According to the National Institute of Mental Health and the Centers for Disease Control, more than 15 million Americans suffer from depression, a disease that claims more than 41,000 lives annually. The United States Preventive Services Task Force (USPSTF) recommends depression screening for all adults using a the PHQ-2.

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iStock/Thinkstock(MONTREAL) -- David Freiheit, of Montreal, Canada, is taking parenting to the next level by spoofing the Jason Bourne movies with his hilarious new video called "The Bjorn Identity."

The hardcore dad uses relatable parenting puns while wearing his Baby Bjorn carrier to emulate the elusive crime fighter Jason Bourne, played by Matt Damon.

“The funny thing is I got the Bjorn and the pun came to my head one day and then I wanted to work the pun into the plot of the movie,” Freiheit told ABC News of what inspired him to put the dad angle on the famous film series. “When you become a parent, you develop overnight a whole new set of skills you’ve never had before.”

These superpower skills include surviving solely off just the leftovers your kids leave behind after meals and “actually functioning when you’re totally sleep-deprived,” he explained.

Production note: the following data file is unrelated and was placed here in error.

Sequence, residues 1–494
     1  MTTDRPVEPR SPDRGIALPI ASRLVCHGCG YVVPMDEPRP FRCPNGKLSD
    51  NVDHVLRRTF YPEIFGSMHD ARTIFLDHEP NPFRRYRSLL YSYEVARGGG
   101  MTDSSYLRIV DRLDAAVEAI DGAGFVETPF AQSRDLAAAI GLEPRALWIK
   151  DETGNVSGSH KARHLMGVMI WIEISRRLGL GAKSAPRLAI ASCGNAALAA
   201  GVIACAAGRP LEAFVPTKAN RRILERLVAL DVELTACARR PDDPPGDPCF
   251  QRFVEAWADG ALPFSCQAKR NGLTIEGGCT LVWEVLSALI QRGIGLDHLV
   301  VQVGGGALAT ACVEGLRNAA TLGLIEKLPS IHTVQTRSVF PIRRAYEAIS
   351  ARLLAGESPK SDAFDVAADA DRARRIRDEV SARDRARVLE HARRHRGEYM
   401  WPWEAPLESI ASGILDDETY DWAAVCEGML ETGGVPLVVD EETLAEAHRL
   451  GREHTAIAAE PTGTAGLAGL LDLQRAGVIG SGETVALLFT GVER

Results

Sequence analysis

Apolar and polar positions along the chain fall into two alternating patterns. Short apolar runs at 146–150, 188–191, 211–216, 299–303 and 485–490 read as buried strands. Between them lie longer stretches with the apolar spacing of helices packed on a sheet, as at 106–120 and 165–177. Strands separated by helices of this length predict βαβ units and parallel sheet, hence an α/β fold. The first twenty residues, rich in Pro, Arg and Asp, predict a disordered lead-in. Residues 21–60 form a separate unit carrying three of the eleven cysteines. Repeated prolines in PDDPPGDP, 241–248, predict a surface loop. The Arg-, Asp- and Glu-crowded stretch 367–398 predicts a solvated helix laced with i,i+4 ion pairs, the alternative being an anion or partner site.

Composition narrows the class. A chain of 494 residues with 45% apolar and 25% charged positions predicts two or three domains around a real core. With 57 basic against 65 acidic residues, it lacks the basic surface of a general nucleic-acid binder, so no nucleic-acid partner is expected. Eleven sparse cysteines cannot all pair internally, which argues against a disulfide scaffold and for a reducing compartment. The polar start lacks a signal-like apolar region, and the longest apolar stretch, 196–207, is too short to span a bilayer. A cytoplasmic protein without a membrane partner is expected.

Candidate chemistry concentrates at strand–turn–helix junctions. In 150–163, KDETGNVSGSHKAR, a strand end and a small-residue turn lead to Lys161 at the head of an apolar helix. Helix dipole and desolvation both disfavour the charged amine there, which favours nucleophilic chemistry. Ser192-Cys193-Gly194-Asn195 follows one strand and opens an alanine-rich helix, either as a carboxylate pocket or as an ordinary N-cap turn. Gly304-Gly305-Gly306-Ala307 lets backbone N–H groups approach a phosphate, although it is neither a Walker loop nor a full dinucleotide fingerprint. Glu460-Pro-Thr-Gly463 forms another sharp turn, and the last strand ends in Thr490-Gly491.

Freiheit, a lawyer by day, said the video took about a month to shoot. The idea for the spoof came to him as he’s been wearing his trusty Baby Bjorn much more recently after the birth of his newborn son, Ethan.

“It’s a fun hobby and a great opportunity to bond with the kids,” he said of creating YouTube videos with his family.

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iStock/Thinkstock(NEW YORK) — The belief that vaccines cause autism -- which has been debunked by the U.S. Centers for Disease Control and Prevention, among others -- is no longer the primary reason parents are refusing vaccines for their children, according to a new study Monday from the American Academy of Pediatrics (AAP). Instead, a growing number of parents believe vaccinations are "unnecessary," researchers found.

The AAP surveyed more than 600 pediatricians in 2006 and then again in 2013, asking them to estimate the percentage of parents they encountered who wished to refuse or delay vaccines and the parents' rationale for doing so. Pediatricians were also asked how often they dismissed patients from their practice for continuing to refuse vaccines.

By 2013, nearly 9 out of 10 pediatricians (87 percent) say they were asked by at least one parent in their practice to alter their child’s immunization schedule. Pediatricians in the study responded that 73 percent of parents refusing or delaying vaccines for their children in 2013 were doing so because the parents believed the vaccines were unnecessary, whereas that number was 64 percent in 2006.

Dr. Lolita McDavid, medical director of child advocacy and protection at the University Hospitals Rainbow Babies & Children’s Hospital in Cleveland, Ohio, said the findings did not surprise her.

“In the past, people were scared of polio and whooping cough, but parents aren’t now because they don’t see it anymore,” McDavid, who was not involved in this study, told ABC News. “It’s a very uninformed way to approach a child’s health.”